AND in thy passions, take it presently to thy consideration, that to be angry, is not the part of a man, but that to be meek and gentle, as it savours of more humanity, so of more manhood. That in this, there is strength and nerves, or vigour and fortitude ; whereof anger and indignation is altogether void. For the nearer everything is unto dispassionateness, the nearer it is unto power. And as grief doth proceed from weakness, so doth anger. For both, both he that is angry and that grieveth, have received a wound, and cowardly have as it were yielded themselves unto their affections.



October 21

FOR, without strong and constant exercise, it is not possible to preserve our desire undisappointed, and our aversion unincurred; and therefore, if we suffer it to be externally employed on things independent on choice, be assured that your desire will neither gain its object, nor your aversion avoid it.

And, because habit hath a powerful influence, and we are habituated to apply our desire and aversion to externals only, we must oppose one habit to another, and where the appearances are most slippery, there oppose exercise. I am inclinable to pleasure. I will bend myself beyond a due proportion to the other side for the sake of exercise.

EPICTETUS. DISCOURSES. Book iii. §12. ¶1, 2.

AFTERWARDS you will venture into the lists at some proper season, by way of trial, if at all, to see whether appearances get the better of you as much as they used to do. But at first, fly from what is stronger than you.

EPICTETUS. DISCOURSES. Book iii. §12. ¶2.


October 20

THE great point is to leave to each thing its own proper faculty, and then to see what the value of that faculty is, and to learn what is the principal thing; and upon every occasion, to follow that and to make it the chief object of our attention; to consider other things as trifling in comparison of this; and yet, as far as we are able, not to neglect even these. We ought, for instance, to take care of our eyes; but not as of the principal thing, but only on account of the principal; because that will no otherwise preserve its own nature, than by making a due estimation of the rest, and preferring some to others. What is the usual practice, then? That of a traveller, who, returning into his own country, and meeting on the road with a good inn, being pleased with the inn, should remain at the inn. Have you forgot your intention, man? You were not travelling to this place, but only through it. "But this a fine place." And how many other fine inns are there, and how many pleasant fields? But only to be passed through in your way. The business is, to return to your country, to relieve the anxieties of your family, to perform the duties of a citizen, to marry, have children, and go through the public offices. For you did not set out to choose the finest places, but to return to live in that where you were born, and of which you are appointed a citizen.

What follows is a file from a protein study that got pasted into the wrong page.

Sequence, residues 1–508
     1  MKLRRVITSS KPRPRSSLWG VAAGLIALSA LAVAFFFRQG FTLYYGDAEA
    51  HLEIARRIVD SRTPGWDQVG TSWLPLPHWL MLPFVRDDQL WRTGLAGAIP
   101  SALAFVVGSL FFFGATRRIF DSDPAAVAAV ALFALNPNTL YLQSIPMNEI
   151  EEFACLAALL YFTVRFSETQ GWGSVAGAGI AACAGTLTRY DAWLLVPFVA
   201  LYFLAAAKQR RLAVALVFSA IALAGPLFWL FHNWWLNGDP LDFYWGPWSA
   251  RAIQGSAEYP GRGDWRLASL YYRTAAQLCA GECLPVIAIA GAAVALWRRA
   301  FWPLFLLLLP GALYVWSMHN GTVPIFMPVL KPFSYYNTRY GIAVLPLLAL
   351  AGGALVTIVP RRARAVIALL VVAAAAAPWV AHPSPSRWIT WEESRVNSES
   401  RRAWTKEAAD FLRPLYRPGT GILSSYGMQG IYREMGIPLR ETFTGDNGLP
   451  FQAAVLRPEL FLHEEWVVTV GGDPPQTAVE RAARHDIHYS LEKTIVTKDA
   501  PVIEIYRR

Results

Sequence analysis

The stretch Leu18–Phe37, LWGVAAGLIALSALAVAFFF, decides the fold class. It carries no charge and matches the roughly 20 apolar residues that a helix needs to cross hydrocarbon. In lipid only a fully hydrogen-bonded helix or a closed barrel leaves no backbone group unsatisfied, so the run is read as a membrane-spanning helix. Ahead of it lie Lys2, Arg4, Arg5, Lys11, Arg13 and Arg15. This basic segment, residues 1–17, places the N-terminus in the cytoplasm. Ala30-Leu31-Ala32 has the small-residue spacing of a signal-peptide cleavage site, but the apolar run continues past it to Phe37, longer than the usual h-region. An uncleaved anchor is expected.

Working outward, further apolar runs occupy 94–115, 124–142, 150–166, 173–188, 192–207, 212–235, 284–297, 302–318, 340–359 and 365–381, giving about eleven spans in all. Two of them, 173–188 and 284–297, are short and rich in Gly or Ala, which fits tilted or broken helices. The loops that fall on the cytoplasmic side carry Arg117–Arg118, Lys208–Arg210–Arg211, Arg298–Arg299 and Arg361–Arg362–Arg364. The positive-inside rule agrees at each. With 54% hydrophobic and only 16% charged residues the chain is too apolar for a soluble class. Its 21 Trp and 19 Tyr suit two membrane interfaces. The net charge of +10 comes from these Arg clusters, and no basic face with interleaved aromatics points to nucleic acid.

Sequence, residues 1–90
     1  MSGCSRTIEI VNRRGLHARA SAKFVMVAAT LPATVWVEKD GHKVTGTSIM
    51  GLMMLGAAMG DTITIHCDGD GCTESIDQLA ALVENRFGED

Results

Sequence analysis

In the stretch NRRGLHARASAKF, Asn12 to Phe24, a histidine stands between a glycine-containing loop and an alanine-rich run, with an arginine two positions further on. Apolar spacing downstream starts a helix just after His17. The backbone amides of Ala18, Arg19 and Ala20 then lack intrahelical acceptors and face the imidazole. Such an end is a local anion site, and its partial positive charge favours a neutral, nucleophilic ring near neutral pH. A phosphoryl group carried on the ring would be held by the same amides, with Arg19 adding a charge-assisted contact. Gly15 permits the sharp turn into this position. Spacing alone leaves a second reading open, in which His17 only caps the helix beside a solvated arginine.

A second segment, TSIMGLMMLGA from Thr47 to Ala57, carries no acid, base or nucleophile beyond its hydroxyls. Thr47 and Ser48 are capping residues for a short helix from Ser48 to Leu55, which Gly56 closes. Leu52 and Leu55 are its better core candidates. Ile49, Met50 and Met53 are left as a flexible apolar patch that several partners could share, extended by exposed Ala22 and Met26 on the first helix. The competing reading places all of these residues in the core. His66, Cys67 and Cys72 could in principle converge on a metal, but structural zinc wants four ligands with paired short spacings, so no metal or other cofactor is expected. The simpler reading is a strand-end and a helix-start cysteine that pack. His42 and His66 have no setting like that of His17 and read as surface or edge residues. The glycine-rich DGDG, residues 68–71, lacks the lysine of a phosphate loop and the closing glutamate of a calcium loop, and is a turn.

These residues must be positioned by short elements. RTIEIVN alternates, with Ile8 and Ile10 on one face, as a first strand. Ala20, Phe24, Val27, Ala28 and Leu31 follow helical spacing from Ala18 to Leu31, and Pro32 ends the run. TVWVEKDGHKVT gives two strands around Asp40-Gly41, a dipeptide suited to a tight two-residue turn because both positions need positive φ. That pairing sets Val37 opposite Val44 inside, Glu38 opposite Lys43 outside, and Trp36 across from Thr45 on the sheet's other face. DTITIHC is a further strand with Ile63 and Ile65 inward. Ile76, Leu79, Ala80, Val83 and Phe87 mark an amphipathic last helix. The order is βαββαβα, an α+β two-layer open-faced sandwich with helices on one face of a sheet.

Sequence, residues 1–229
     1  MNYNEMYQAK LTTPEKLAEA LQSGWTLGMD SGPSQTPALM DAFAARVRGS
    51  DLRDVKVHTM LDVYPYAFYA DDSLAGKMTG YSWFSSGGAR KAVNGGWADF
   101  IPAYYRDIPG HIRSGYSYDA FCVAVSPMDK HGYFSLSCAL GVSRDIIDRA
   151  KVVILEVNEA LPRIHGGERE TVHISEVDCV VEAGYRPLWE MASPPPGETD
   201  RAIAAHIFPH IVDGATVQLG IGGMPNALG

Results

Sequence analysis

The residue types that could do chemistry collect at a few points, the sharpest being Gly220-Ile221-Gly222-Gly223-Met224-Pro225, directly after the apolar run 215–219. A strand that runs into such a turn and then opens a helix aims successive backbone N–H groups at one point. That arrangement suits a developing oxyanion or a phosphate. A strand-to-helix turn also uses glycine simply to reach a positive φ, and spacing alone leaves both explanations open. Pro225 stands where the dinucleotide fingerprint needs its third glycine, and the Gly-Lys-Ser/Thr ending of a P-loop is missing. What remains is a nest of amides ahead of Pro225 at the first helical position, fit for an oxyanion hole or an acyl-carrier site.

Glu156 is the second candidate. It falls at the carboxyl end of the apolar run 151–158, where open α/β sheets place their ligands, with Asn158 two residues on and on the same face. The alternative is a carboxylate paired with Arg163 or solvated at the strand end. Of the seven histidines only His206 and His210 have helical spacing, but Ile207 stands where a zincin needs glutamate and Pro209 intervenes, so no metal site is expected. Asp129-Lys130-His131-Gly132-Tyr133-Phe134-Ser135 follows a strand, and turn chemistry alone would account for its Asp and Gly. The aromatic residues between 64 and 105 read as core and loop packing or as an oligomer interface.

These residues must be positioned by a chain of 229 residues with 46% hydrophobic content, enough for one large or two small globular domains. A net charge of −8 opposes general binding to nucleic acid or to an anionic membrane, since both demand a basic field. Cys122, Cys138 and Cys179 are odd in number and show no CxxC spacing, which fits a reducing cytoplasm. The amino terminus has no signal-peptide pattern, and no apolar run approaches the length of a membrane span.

EPICTETUS. DISCOURSES. Book ii. §23. ¶3.


October 19

KEEP yourself awake. It is no inconsiderable matter you have to guard, but modesty, fidelity, constancy, enjoyment, exemption from grief, fear, perturbation; in short, freedom. For what will you sell these? Consider what the purchase is worth.—"But shall I not get such a thing instead of it? "—Consider, if you do get it, what it is that you obtain for the other. I have decency; another the office of a tribune: I have modesty; he has the proetorship.


JUSTICE cannot be preserved, if either we settle our minds and affections upon worldly things; or be apt to be deceived, or rash, and inconstant.



October 18

FOR, amidst perturbations and griefs and fears, and disappointed desires and incurred aversions, how can there be any entrance for happiness? And, where there are corrupt principles, there must all these things necessarily be.

EPICTETUS. DISCOURSES. Book iii. §22. ¶6.

EVERY nature is content with itself when it speeds well on its way; and a rational nature speeds well on its way, when in its impressions it gives assent to nothing that is false or obscure, and directs its impulses towards none but social acts, and limits its inclinations and its aversions only to things that are in its power, and welcomes all that the Universal Nature allots it.



October 16

OF things, some are in our power and others not. In our power are opinion, pursuit, desire, aversion, and, in one word, whatever are our own actions. Not in our power are body, property, reputation, command, and, in one word, whatever are not our own actions.

Now, the things in our power are by nature free, unrestrained, unhindered; but those not in our power, weak, slavish, restrained, belonging to others. Remember, then, that if you suppose things by nature slavish to be free, and what belongs to others your own, you will be hindered; you will lament; you will be disturbed; you will find fault both with gods and men. But if you suppose that only to be your own which is your own, and what belongs to others such as it really is, no one will ever compel you; no one will restrain you; you will find fault with no one; you will accuse no one; you will do no one thing against your will; no one will hurt you; you will not have an enemy, for you will suffer no harm.



October 15

THE condition and characteristic of a vulgar person is, that he never expects either benefit or hurt from himself, but from externals. The condition and characteristic of a philosopher is, that he expects all hurt and benefit from himself. The marks of a proficient are, that he censures no one, praises no one, blames no one, accuses no one, says nothing concerning himself as being anybody, or knowing anything: when he is, in any instance, hindered or restrained, he accuses himself; and, if he is praised, he secretly laughs at the person who praises him; and, if he is censured, he makes no defence.